UK government resists opposition calls to release advice on Evgeny Lebedev peerage

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The UK government has resisted calls by the opposition Labour party to release the advice given to Boris Johnson by the security services before the prime minister nominated Lord Evgeny Lebedev, the son of a former KGB officer, for a peerage.

Ministers released nine pages of documents on Thursday relating to the process, some heavily redacted, but they did not include the confidential advice from the security services.

Cabinet Office minister Michael Ellis released a separate document describing Lebedev as a “man of good standing”, but said any further details must remain secret to “protect national security”.

Routine disclosure of confidential information could have “long term and damaging consequences” for the peerage appointments system, he added.

In March, the government said it would publish the relevant documents after Labour used a parliamentary motion called a “humble address” to force ministers to publish the advice given to the parliamentary committee that vets peerages.

Johnson decided not to oppose the motion amid fears of a rebellion by Tory MPs concerned about accusations of a lack of transparency.

He had faced growing calls to explain his decision to nominate his friend Lebedev, owner of the Evening Standard and The Independent, for a peerage.

Lebedev, 42, was born in Moscow and moved to London as a child. He became a dual national in 2010 and a non-party crossbench peer in July 2020.

The Sunday Times revealed that the House of Lords Appointments Commission, which vets nominees to the upper chamber, advised Johnson in 2020 not to recommend the Russian-born businessman on the basis of advice from the security services. However, the committee changed its conclusion after receiving an update from the security services that the peerage was no longer deemed problematic.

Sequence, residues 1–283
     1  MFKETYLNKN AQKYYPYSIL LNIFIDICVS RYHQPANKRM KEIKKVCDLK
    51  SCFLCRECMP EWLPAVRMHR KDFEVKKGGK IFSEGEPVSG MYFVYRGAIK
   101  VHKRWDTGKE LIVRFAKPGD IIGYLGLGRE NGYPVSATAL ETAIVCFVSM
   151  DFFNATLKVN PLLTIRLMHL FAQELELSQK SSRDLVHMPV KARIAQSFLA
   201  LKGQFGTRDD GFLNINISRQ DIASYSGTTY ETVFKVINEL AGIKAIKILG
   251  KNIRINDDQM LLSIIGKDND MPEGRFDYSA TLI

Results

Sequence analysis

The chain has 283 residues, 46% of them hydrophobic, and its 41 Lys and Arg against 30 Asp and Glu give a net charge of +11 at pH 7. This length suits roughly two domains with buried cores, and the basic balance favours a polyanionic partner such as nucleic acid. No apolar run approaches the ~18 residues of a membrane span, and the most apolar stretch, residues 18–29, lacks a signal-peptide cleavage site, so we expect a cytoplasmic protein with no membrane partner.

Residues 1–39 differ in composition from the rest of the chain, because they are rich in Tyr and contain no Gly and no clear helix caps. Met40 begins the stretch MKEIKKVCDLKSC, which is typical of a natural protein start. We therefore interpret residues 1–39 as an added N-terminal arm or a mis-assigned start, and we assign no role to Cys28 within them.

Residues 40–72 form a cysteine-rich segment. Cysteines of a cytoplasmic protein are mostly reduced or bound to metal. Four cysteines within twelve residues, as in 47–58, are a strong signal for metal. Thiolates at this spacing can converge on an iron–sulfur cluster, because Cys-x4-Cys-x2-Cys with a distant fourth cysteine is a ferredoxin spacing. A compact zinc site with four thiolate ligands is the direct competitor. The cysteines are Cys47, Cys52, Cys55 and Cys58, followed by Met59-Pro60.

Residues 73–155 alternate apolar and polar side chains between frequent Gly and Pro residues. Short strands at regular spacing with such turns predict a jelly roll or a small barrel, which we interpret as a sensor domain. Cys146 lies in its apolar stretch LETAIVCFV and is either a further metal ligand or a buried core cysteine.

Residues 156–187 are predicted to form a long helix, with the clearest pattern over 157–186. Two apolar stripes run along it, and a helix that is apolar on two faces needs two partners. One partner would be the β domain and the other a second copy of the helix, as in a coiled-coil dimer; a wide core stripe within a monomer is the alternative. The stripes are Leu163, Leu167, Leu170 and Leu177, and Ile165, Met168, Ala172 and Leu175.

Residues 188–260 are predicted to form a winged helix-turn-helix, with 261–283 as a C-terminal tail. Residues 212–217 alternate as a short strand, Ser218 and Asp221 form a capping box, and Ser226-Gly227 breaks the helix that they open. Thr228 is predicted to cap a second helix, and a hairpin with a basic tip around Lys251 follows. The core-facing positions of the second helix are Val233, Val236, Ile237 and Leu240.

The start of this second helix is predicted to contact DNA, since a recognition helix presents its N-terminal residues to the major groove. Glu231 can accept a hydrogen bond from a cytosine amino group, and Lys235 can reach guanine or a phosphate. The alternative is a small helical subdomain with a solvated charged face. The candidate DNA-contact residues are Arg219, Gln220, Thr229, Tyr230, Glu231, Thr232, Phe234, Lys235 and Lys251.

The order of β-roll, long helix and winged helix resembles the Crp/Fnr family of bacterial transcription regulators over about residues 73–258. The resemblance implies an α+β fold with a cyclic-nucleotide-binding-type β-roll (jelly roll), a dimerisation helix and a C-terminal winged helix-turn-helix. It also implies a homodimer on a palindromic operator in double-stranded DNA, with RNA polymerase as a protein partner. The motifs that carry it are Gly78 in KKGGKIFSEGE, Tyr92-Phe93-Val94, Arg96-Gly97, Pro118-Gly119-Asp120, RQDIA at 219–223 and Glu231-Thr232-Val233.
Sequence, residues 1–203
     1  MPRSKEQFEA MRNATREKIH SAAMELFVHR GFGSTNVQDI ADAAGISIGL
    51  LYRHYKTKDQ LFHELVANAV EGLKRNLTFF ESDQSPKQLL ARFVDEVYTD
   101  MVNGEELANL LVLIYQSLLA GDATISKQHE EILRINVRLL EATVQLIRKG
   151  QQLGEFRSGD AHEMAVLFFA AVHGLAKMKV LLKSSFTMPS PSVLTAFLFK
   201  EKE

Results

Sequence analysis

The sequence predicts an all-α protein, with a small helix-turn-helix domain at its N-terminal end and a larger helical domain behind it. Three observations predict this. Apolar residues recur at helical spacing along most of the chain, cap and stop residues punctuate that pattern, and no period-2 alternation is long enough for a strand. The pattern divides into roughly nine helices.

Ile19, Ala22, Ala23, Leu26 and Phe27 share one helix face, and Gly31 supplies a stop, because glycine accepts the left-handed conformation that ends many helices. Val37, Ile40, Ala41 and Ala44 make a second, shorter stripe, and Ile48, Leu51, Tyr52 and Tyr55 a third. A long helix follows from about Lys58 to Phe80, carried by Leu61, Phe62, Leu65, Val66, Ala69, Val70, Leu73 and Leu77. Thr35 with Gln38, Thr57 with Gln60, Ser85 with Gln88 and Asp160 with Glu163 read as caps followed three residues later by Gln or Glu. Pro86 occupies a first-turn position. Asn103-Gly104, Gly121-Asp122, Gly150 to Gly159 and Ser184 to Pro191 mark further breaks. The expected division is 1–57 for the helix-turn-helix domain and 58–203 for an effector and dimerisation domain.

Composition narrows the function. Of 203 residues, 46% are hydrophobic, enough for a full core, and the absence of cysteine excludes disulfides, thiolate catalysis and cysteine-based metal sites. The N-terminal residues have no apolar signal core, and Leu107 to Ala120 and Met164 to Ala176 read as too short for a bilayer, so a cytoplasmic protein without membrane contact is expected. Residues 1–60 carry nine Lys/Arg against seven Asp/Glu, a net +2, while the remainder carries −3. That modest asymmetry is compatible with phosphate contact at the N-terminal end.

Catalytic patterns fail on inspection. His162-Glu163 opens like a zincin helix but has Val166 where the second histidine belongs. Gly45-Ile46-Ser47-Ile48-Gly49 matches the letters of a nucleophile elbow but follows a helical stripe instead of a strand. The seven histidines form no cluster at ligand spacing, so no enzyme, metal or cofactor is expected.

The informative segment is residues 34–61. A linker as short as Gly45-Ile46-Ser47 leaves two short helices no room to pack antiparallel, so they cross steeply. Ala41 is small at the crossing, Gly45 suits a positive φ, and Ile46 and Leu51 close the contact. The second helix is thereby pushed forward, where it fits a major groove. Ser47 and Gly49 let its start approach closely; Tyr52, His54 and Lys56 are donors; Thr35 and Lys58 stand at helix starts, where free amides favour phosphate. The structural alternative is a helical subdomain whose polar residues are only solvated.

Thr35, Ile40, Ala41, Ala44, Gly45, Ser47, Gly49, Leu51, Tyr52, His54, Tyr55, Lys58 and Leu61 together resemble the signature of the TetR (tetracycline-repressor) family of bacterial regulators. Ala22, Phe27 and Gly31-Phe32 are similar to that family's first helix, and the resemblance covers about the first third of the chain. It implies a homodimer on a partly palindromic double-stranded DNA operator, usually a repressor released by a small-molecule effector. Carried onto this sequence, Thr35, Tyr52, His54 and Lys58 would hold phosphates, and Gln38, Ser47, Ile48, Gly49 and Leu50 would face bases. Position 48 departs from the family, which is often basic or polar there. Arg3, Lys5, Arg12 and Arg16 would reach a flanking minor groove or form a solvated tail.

The documents released on Thursday included a blank consent form, a citation explaining Lebedev’s background, an email containing a commission consent form and an email to Lebedev explaining the procedure for being introduced into the Lords.

Angela Rayner, deputy leader of the Labour party, said the government had failed to comply fully.

“This looks like a cover-up and smells like a cover-up because it is a cover-up,” she said. “The public have a right to know the truth about Boris Johnson’s interference in the appointment of his friend Lord Lebedev, the son and business partner of an ex-KGB agent, to a seat in the heart of our parliament.”

In a written ministerial statement, Ellis said the release of some information showed the government was “acting in good faith” in responding to parliament’s request for information.

But he added that the disclosure of the documents had taken into account the need to “protect national security”, the data protection rights of individuals and the need to “maintain integrity in the system for the awarding of honours and dignities by the Crown”.

Ellis added in his statement that Lebedev was a “man of good standing”. “No complaint has been made about his personal conduct. He had been vocal in his criticism of the Putin regime.”

However in 2014, Lebedev defended Russian president Vladimir Putin’s annexation of Ukraine’s Crimean peninsula, telling the BBC the area had been part of Russia “for many years” and arguing that the situation was “very complicated”.

Ellis said in the statement that proper consideration would be given to any information indicating “national security concern” arising from a prospective appointment. If the prime minister had recommended a peerage against the commission’s “formal advice on propriety” it would have had to write publicly to the cross-party “intelligence and security committee (ISC)”. “That was not the case in this appointment,” he said.

But the ISC responded to Ellis’s statement, saying it had made a separate classified request for information pertaining to Lebedev’s appointment. This response was only met on Wednesday and the committee was now mulling whether the information was “sufficient”, it said.

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